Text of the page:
Follow Us on Twitter
by Sam Ramji on November 08, 2007 10:05pm
Back in Windows 95, Microsoft made a major contribution to accessibility to computers for people with vision and hearing impairments: MSAA, or Microsoft Active Accessibility. At that time it was an additional download, but from Windows 98 on this technology was built into the OS.
MSAA allows users to run screen readers, Braille devices, and other accessibility technologies that work across multiple desktop programs without requiring custom adapters for each program. Back in 2000, Rob Sinclair, now our Director of Accessibility, published the architecture for MSAA. It continues to be a core part of the OS in Windows Vista (detailed information here: http://msdn2.microsoft.com/en-us/library/ms788733.aspx )
Why am I talking about this? It’s background for some work we’ve been developing with Novell to improve cross-platform accessibility experiences, which we’ve announced today – work by Rob Sinclair and Norm Hodne at Microsoft and Michael Meeks at Novell, along with our legal teams.
Update: See Michael Meeks' blog on the work here: http://www.gnome.org/~michael/activity.html#2007-11-09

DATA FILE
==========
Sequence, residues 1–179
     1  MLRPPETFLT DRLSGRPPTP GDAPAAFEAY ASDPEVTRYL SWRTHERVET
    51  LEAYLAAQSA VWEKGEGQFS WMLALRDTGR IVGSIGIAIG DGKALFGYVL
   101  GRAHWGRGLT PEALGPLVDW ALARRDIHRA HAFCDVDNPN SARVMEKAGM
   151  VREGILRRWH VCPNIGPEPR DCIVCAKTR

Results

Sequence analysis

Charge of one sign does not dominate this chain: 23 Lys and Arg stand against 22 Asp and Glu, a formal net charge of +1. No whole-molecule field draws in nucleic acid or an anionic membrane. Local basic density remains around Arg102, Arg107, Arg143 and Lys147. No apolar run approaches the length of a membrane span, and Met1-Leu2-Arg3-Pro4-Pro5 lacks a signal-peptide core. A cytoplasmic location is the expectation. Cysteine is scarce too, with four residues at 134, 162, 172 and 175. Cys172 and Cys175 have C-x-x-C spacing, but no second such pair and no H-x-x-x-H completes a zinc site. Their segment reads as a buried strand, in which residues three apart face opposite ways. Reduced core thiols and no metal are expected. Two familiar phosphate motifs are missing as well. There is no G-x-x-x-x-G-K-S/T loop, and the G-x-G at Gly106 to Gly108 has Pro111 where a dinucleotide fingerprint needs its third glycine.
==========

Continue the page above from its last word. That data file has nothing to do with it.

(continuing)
The User Interface Automation (UIA) specification is an advanced accessibility framework, and we are releasing this to the community, including an irrevocable pledge of patent rights for anyone implementing the specification. Novell will build a Linux implementation of the UIA and an adapter to make it work well with Linux accessibility projects. This will mean an advance in interoperable accessibility.
We’ve already gotten great responses from the National Federation for the Blind in the U.S. and from Janina Sajka, the head of the Open Accessibility Work Group at the Linux Foundation.
It is great to see the industry coming together with specs, words, and code to build a better world for people with disabilities.